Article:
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Related to Kemp's ridleys: Lepidochelys kempii

sea turtle

sea turtle, name for several species of large marine turtles found in tropical and subtropical oceans. These turtles are modified for life in the ocean by having flipperlike forelimbs without toes and lightweight shells. Their heads are too large to be withdrawn into the shell. They spend most of their lives in the water, but come ashore to lay their eggs. Nearly all species have a circumglobal distribution although there are differences between the Atlantic and the Pacific populations. Most sea turtles are found in North American waters as far N as the U.S. S Atlantic coast and Baja California.

All sea turtle species are declining in numbers, owing in large part to the destruction of the eggs, which are widely used as food in tropical regions. Sea turtle meat is also eaten, and there is a market for turtle oil, hide, and shell. In a few places, such as Sarawak, harvesting of eggs is regulated by law to insure propagation of the species. The size of sea turtles has also decreased, owing to the hunting of large specimens.

The green turtle, Chelonia mydas, with greenish to brownish skin and shell, formerly reached weights of 1,000 lb (450 kg); the largest now found are about 4 ft (120 cm) long and weigh about 500 lb (225 kg). The green turtle feeds chiefly on marine vegetation and is most abundant in shallow water. The loggerhead, Caretta caretta, is a large-headed brown to reddish turtle. Chiefly carnivorous, it ranges from open oceans to coastal salt marshes and stream mouths. Like the green turtle it sometimes comes ashore in uninhabited places to bask.

The hawksbill, or tortoiseshell turtle, Eretmochelys imbricata, may reach 30 in. (75 cm) in length and weigh 100 lbs (45 kg). The horny plates of its shell are translucent and have a variegated color pattern, chiefly brown and yellow. These plates have long been valued for the making of ornamental objects. Although tortoiseshell has to a large extent been replaced in many applications by plastic, a renewed demand for the genuine material poses a serious threat to the hawksbill.

The ridleys, the smallest sea turtles, inhabit shallow offshore waters. The 2-ft (60-cm) long, gray Kemp's, or Atlantic, ridley, Lepidochelys kempii, breeds only in the Gulf of Mexico, although the young are often carried by the Gulf Stream to the Carribean Sea and Europe. The slightly larger, greenish olive, or Pacific, ridley (L. olivacea), also known as the oliveback, is found in the Indian and Pacific oceans. The leatherback is the largest of all turtles; it belongs to a separate family from the other sea turtles.

All sea turtles other than the leatherback are classified in the phylum Chordata, subphylum Vertebrata, class Reptilia, order Chelonia, family Chelonidae; the leatherback belongs to the family Dermochelidae.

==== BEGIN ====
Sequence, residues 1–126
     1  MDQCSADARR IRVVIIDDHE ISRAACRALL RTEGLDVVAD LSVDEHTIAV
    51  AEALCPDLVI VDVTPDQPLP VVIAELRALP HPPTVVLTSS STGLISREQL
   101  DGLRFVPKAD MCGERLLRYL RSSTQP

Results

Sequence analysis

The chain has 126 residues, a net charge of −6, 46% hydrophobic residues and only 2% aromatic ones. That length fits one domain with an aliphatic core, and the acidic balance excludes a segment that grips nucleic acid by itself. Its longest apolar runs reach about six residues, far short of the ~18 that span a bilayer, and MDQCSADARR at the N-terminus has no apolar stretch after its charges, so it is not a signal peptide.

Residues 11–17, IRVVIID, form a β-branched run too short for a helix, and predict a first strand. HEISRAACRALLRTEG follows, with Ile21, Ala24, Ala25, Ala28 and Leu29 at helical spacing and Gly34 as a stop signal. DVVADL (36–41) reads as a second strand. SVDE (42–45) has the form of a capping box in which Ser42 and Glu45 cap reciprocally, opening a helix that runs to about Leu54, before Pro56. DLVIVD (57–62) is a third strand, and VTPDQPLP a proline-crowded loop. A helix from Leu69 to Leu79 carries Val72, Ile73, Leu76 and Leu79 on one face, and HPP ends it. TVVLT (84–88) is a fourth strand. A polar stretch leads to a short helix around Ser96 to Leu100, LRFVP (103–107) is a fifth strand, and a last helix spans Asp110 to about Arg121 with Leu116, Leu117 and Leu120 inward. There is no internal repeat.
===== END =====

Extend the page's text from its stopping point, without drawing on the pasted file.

See J. R. Spotila, Saving Sea Turtles (2011).

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Nicholas. ?1500--55, English bishop, who helped to revise the liturgy under Edward VI. He was burnt at the stake for refusing to disavow his Protestant beliefs when Mary I assumed the throne
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References in periodicals archive ?
The data that Shaver, Rubio and their colleagues gather on each turtle will help give them a sense of the lives of Kemp's ridleys during the time they're not nesting: how far they travel, how much time they spend in different areas and how fast they grow, among other measures.
Juvenile head-started Kemp's Ridleys found in floating grass mats.
Sea turtles don't usually hang out in the Netherlands, but that's just where a lost Kemp's ridley sea turtle was found in 2008.
To address this concern, we obtained humeri from 13 known-age Kemp's ridley (Lepidochelys kempii) and two loggerhead (Caretta caretta) sea turtles for the purposes of examining the growth marks and comparing growth mark counts to actual age.
(Turtles are just part of the yearly 60 billion pounds of global "bycatch"-- creatures unintentionally snared by fishermen's nets.) The Kemp's ridley is especially vulnerable to capture in shrimp nets because most adults of this species live in the Gulf of Mexico, a prime shrimp fishery.
-- Specimens of Kemp's ridley and loggerhead sea turtles which died during captive rearing (1984 to 1996) were subjected to complete necropsy.
From his plane high above Mexico's coastline, Herrera filmed thousands of Kemp's ridley turtles swarming Rancho Nuevo to lay eggs on the 14-mile stretch of beach.
3), which makes it easier for egg collectors, and 3) the Kemp's ridley also has a coastal distribution that makes it particularly vulnerable to incidental capture in commercial fishing trawls.
Exhibits on sea turtles emphasize Kemp's ridleys, or tortuga lora as they are known in Mexico.
Dozens of Kemp's ridleys were found with heads and flippers cut off -- evidence of mutilation by shrimpers.
The Kemp's ridley (Lepidochelys kempii), leatherback (Dermochelys coriacea), and hawksbill (Eretmochelys imbricata) turtles are listed as endangered.